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Help with EXCEL Open a blank EXCEL spreadsheet. The cursor appears in the upper left cell, A1. (A stands for the column A, 1 stands for row 1.) If you have a discrete number of variables (for example if you are comparing the number of dandelions in full sunlight vs. the number of dandelions under some canopy cover): Start by making a table of your data. Click to select cell B1 and type in the name of your first variable (e.g.: Full sunlight); Click to select cell C2 and type in the name of your second variable (e.g.: Some canopy cover). Click to select cell B2 and type in your first piece of data for your first variable; click to select cell B3 to enter you second piece of date for your first variable; continue until all of your data are entered for the first variable. Follow the same process to enter you date for your second variable, but enter them into the C column. Next youll need to take the mean (average) of each column of data. To do so for column B, select the cell just below your data. If you are in the Home tab, look for a symbol and youll see a pull down arrow to the right of it. Click the pull down menu and then click Average. You will see your column B data in a box and the text =Average(B#:B#) in the cell underneath your data. Hit the return/enter key on your keyboard and the mean will appear. Follow this same procedure for column C. In the cell to the left of your means type Means. Next youll graph your means. Select the names of your variables (the cells are in row 1) by left clicking on the name of your variable in your B column and dragging to the right until all of the names are encompassed by the box. Release the click. Then hold down the Ctrl key on your keyboard and select your means (by left clicking on the mean in your B column and dragging to the right until all of the means are encompassed by an additional box.). Release both your left click and the keyboard. Click on the Insert tab near the top of the screen and a group of new selections will show up. Left click on Column and then select the 2-D Column in the upper left-hand corner. Excel will insert a graph of your data points into your spread sheet. Click the Layout tab and Axis titles. Label your x and y-axes. Click Chart title and give your graph a descriptive title. Save the worksheet however you like. You can now print your figure or copy-paste the graph to a Word document and print. If your dependent variable is continuous, (for example if you are comparing the number of dandelions against the percentage of canopy cover): Click to select cell A1 and type in the name of your first variable (e.g.: Number of Dandelions); Click to select cell B2 and type in the name of your second variable (e.g.: Percentage canopy cover) Click cells under each variable to enter in your data.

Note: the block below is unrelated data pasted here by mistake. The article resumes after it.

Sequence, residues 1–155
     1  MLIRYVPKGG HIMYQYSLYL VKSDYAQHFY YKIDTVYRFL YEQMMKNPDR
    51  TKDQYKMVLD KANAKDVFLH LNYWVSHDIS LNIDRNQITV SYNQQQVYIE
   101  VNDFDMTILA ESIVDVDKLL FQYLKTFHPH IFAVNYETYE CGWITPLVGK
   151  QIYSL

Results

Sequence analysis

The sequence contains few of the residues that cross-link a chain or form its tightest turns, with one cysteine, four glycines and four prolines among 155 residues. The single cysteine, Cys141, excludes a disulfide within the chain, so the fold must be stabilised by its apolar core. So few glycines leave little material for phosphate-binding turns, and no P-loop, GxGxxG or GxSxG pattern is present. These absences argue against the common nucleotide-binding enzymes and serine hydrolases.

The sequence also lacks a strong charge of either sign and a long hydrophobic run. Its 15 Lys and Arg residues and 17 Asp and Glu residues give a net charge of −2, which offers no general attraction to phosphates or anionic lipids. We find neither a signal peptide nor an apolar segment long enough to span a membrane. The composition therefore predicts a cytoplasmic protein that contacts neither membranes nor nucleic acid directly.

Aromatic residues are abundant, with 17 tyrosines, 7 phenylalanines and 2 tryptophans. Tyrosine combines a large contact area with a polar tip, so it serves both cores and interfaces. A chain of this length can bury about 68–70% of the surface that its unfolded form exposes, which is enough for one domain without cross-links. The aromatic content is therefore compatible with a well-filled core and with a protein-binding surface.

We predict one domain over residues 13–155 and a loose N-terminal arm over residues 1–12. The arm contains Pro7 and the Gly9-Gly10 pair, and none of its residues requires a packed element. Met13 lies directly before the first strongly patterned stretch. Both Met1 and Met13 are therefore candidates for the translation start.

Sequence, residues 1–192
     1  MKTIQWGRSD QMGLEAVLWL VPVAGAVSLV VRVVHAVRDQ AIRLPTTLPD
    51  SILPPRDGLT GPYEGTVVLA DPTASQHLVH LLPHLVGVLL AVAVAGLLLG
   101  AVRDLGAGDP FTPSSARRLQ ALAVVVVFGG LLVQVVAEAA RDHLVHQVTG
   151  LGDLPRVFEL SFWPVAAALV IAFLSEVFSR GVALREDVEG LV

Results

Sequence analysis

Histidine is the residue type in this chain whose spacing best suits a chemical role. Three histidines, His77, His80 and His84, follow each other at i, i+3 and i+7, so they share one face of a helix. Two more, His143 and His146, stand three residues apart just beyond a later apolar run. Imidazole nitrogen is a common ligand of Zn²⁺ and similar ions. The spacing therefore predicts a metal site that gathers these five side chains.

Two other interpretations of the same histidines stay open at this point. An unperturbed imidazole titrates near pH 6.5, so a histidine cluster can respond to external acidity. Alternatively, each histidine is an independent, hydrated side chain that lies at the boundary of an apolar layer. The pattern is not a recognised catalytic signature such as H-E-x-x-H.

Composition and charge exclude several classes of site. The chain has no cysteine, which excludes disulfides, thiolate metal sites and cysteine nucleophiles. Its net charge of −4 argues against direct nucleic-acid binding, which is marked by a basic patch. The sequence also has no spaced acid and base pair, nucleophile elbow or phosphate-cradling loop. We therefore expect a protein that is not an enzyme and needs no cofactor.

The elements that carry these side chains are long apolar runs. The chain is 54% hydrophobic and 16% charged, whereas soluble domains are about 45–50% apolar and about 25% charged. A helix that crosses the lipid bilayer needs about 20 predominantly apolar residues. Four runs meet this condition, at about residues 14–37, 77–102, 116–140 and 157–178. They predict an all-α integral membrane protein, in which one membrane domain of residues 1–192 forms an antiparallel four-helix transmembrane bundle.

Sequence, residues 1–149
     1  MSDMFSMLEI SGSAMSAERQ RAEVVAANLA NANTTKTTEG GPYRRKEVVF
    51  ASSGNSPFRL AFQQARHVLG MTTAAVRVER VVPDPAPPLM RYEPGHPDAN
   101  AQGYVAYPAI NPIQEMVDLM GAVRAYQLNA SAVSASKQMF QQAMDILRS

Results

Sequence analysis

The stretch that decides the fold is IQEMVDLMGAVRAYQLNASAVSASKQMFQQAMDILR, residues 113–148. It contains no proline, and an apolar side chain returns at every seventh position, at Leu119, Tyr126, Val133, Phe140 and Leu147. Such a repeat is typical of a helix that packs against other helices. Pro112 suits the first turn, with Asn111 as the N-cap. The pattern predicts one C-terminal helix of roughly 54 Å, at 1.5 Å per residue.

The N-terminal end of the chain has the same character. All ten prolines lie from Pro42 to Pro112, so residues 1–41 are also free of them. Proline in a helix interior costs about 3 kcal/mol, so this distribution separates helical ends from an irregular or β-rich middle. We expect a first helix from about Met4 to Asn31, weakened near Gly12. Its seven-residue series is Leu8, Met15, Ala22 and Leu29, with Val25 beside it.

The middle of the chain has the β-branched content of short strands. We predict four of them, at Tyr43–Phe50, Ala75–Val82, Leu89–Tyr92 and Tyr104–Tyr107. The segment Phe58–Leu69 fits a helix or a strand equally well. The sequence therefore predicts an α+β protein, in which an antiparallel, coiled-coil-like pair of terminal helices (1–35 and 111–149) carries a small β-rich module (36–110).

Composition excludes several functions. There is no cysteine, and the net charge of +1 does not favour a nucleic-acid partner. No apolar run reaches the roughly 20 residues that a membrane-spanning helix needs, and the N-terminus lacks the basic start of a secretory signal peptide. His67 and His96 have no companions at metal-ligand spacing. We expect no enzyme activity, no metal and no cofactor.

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Select all of your data by left clicking on A2 and dragging down and to the right until all of your data are encompassed by the box. Click on the Insert tab near the top of the screen and a group of new selections will show up. Left click on Scatter and then select the icon in the upper left-hand corner. Excel will insert a graph of your data points into your spread sheet. Right click on one of the data points on the graph. Click Add Trendline. Click Close. Click the Layout tab and Axis titles. Label your x and y-axes. Click Chart title and give your graph a descriptive title. Save the worksheet however you like. You can now print your figure or copy-paste the graph to a Word document and print. To add a graph to a Word document: From inside a Word document, place cursor where you will want the graph to appear. Go back (or re-open) your Excel file that contains the graph. Click somewhere inside the white area of your graph to select it. Then Right click and select Copy. Return to your Word document to the area you want to insert the graph. Click where you want to insert and then Right click and select Paste. The graph should show up in your Word document.